This national reckoning is overdue
The United States needs a sincere reckoning that must start with a truth commission to address and redress the painful legacy of slavery and the modern day manifestation of racism. Each time that an officially ordered, tolerated, or sanctioned killing of a black person occurs, a whole people in our nation becomes traumatized. They must live with it daily.
The death of George Floyd started massive political protests against the systematic practice of state violence against an ethnic minority. The rest of the nation woke up to the video of his killing. Human rights advocates call state violence, such as police brutality, a form of state terrorism and call on nations to redress it. Charges against the officers involved in his death are a first step toward justice, but they are barely enough.
We should learn from the numerous nations that started a reckoning with a truth commission, yet there has been minimal discussion of this option. American exceptionalism keeps us stuck in cycles of injustice. There are local attempts such as the Maine Wabanaki State Child Welfare Truth and Reconciliation Commission and the Greensboro Truth and Reconciliation Commission, but never an attempt across the entire country to finally set the record straight. So why would a truth commission matter?
First, truth commissions analyze state violence as human rights violations. Reframing shifts how we talk about all these incidents as state sponsored and even tolerated forms of political repression of an ethnic minority that have violated international law. The United States is party to a number of human rights treaties. It is bound to ensure accountability and prevention of serious human rights violations. Ironically, the United States has issued countless condemnations of foreign governments within this very human rights framework for engaging in the same unlawful practices.
Second, truth commissions set the record straight. They raise awareness and attention to how to understand centuries of violent racial repression as systematic inequalities deeply embedded into our social, political, and economic systems and not merely isolated acts by racist individuals. Truth commissions in countries like South Africa, Guatemala, and Canada made these kinds of truths undeniable and unignorable by citizens.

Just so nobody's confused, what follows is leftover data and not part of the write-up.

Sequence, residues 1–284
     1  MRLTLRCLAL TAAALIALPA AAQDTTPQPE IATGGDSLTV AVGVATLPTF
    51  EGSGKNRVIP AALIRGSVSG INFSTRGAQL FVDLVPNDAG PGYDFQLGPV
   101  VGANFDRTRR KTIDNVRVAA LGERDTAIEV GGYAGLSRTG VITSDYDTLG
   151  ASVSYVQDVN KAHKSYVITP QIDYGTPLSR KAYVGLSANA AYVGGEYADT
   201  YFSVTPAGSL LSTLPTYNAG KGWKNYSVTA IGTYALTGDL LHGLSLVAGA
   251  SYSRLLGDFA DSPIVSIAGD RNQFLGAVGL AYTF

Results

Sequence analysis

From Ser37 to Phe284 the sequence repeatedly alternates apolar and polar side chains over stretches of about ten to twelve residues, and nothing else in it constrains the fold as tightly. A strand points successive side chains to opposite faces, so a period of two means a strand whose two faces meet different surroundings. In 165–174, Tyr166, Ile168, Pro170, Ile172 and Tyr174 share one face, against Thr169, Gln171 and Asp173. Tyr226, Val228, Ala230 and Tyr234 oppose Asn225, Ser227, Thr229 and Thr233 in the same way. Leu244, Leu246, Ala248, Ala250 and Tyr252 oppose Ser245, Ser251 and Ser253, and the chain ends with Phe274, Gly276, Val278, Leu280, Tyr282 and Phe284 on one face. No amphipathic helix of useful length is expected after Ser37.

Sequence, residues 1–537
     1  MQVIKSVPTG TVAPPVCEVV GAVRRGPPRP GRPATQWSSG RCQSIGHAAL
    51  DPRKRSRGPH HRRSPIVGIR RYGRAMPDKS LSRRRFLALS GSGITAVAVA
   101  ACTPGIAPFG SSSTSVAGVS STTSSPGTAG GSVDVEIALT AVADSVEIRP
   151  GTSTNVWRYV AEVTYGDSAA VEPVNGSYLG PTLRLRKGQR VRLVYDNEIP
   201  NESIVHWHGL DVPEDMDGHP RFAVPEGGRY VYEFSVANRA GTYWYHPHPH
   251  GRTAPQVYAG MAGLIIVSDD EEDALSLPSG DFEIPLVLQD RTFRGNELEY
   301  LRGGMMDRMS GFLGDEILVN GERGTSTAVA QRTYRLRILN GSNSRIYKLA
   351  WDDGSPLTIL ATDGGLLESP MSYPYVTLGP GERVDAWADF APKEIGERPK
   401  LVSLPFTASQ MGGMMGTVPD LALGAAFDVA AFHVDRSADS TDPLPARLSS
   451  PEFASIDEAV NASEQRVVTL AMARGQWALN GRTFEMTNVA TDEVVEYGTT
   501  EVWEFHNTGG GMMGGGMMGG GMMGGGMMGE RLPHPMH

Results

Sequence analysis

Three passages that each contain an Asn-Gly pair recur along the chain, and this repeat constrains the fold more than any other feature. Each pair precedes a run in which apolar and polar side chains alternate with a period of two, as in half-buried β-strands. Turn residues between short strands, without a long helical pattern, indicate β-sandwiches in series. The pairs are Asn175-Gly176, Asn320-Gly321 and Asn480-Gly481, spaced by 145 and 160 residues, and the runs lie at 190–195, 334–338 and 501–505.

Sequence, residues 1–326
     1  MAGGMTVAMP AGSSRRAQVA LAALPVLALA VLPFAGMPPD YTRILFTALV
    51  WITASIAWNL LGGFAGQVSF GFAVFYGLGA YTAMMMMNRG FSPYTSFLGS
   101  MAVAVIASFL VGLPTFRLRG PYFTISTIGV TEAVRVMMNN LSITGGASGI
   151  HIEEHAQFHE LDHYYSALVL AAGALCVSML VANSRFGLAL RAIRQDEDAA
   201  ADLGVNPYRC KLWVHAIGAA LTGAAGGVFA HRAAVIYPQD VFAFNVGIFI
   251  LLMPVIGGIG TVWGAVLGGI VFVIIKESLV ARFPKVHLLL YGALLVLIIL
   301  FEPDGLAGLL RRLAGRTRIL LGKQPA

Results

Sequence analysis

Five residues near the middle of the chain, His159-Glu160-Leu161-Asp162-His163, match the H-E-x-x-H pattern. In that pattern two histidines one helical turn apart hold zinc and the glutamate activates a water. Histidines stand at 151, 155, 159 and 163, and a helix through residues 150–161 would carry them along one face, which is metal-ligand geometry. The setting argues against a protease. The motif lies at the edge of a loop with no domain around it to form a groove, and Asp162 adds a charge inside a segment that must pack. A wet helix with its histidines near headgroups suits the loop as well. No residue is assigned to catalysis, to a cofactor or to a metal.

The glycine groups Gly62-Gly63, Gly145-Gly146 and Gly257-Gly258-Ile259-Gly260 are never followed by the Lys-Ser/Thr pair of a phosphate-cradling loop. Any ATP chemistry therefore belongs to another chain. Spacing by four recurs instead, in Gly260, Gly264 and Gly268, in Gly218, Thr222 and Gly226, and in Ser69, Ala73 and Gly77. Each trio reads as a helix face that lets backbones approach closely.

Third, truth commissions start conversations about racial injustice that are more inclusive, sustained, and organized. The burden rests with the whole country to engage in this important dialogue and not only those who have suffered the harms of racial injustice. The United States has much to learn about how to even talk about this issue before it can solve it.
Fourth, truth commissions gather testimonies, hold public hearings, and simply listen to the many voices of those impacted by racist policies and practices. They provide the first step in offering official acknowledgment of the pain and suffering of those of color. Since human rights violations occur through the dehumanization of a person, justice and healing need this kind of human recognition. We need the space which communicates that we hear those who suffer and say sorry for their suffering.
Fifth, truth commissions push agendas for change. They diagnose causes and impacts of oppression and violence. They issue recommendations for reform and institutional change that address deeply embedded injustices. A truth commission is the first step to a critical commitment to change. It can start reparations that can include much more than compensation to redress harm. Symbolic reparations go toward recognizing past violence and set the stage for decades of education and awareness.
In 1989, John Conyers introduced legislation to create a truth commission for studying slavery and its impacts. Obviously, it never passed, although he continued to present the bill, often as the sole sponsor, each year until his final term for office. The bill was taken over last year by Sheila Jackson Lee, and it has now been sponsored by dozens of members. Significantly, the new bill references human rights to frame its remit. It will take strong political will to start and sustain a truth commission. This demand needs to come from all of us, and that time may finally be here.
Lisa Laplante is a professor at New England Law School based in Boston.
The Hill has removed its comment section, as there are many other forums for readers to participate in the conversation. We invite you to join the discussion on Facebook and Twitter.